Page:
East Coast Biotech Roundup: Genocea, Eleven, NIH/Pharma, & More
A couple of local biotechs this week didn’t find their entrée to the public markets so friendly. Meanwhile, Big Pharmas all over the place were banding together to share their resources and run trials together. Those stories and more below:
—Cambridge, MA-based vaccine developer Genocea Biosciences (NASDAQ: GNCA) was the first local biotech to price this week, and it got a lukewarm response from Wall Street. Genocea priced its IPO at $12 per share, at the low end of its projected $12 to $14 per share range, and raised $66 million by selling 5.5 million shares to public investors. Genocea opened up on the Nasdaq on Wednesday at $11.90, and finished its first trading day at $11.
—Cambridge-based Eleven Biotherapeutics (NASDAQ: EBIO) followed suit a day later, and had a tougher time. Eleven priced its offering at $10 per share, well below the $13 to $15 it initially planned to sell its shares at. It also upsized its offering to 5 million shares from the original 4.3 million. All told, the company, which is developing a drug for dry eye disease among other ophthalmic drugs, raised $50 million from the IPO before discounts due to underwriters. It did inch up in its first day of trading, however. Shares of Eleven opened at $10.40 apiece and closed at $10.85.
—Some of the East Coast’s biggest pharmaceutical companies, including New York-based Pfizer (NYSE: PFE) and Bristol-Myers Squibb (NYSE: BMY), Cambridge-based Biogen Idec (NASDAQ: BIIB), Whitehouse Station, NJ-based Merck (NYSE: MRK) and others joined up as part of a deal with the National Institutes of Health to help speed the discovery of potential drugs for Alzheimer’s, Type 2 diabetes, rheumatoid arthritis, and lupus. The companies will invest a total of $230 million over five years as part of the collaboration, called the Accelerating Medicines Partnership. Each partner has to share their data and agree to not use any discovery for their own commercial gain until the AMP makes the data public.
—Merck was part of another big partnership this week as well, announcing plans to join with Pfizer, Thousand Oaks, CA-based Amgen (NASDSAQ: AMGN), and Wilmington, DE-based Incyte (NASDAQ: INCY) to run several combination studies using its experimental cancer antibody drug MRK-3475. Those new studies will combine Merck’s drug with Pfizer’s axitinib (Inlyta), Incyte’s experimental immunotherapy drug INCB24360, and Amgen’s talimogene laherparepvec, which was acquired in its 2011 buyout of BioVex.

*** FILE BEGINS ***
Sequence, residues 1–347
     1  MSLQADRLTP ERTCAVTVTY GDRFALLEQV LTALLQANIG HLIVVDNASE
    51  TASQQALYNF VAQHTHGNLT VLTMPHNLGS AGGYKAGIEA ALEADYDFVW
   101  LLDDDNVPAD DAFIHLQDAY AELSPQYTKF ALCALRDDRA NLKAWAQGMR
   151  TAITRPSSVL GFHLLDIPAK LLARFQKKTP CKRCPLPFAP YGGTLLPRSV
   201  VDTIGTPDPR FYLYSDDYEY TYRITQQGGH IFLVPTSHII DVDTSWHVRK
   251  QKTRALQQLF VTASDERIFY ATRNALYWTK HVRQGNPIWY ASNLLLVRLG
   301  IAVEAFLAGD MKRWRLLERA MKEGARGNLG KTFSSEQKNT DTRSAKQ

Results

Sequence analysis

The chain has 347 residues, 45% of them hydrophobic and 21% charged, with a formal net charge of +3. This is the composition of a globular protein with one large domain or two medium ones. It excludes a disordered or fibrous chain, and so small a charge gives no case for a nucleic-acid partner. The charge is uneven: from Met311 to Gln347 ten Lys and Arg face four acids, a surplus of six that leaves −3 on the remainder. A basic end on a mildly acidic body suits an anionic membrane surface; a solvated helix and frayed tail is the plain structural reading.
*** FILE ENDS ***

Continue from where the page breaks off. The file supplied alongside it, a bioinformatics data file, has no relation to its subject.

—Boston and San Francisco, CA-based life science investment firm Clarus Ventures is looking to raise $375 million for its third fund, Clarus Lifesciences III, according to an SEC filing.
— Biogen was cleared this week to sell its oral multiple sclerosis drug, dimethyl fumarate (Tecfidera), in Europe. The drug was first approved in the U.S. in March, and has since been green-lighted in Canada and Australia as well. Biogen plans to begin selling the MS drug in certain European countries in the coming weeks. The drug generated $398 million in sales in the fourth quarter of 2013 and is expected to break $1 billion in sales total for its first year on the market.
—Cambridge-based Agios Pharmaceuticals (NASDAQ: AGIO) exercised its option to buy back the U.S. rights to its experimental cancer drug AG-120 from its Summit, NJ-based partner Celgene (NASDAQ: CELG). Agios got that option as part of the big collaboration deal the two companies signed in 2010. Celgene still has rights to AG-120 in the rest of the world.
—New York-based Dipexium Pharmaceuticals, which is developing an antibiotic for diabetic foot ulcers, plans to raise up to $35 million through an IPO. It’ll list on the Nasdaq under the ticker symbol “DPRX” if it goes public.
—Longtime Genzyme executive Frederic Chereau is taking flight for San Diego, where he’ll become the president and chief operating officer of aTyr Pharma. Chereau spent a decade at Genzyme before taking the head gig at Cambridge-based startup Pervasis Therapeutics. When Pervasis was acquired by Shire in 2012, Chereau stayed on board and was in charge of the company’s global angioedema franchise.
—Cambridge and San Diego-based Sialix raised $1.2 million in angel-led financing from Boston Harbor Angels, Mass Medic Angels, Launchpad Angels, and others. Sialix is developing antibodies that target glycans found on the surface of tumor cells. Xconomy profiled the company in early 2013.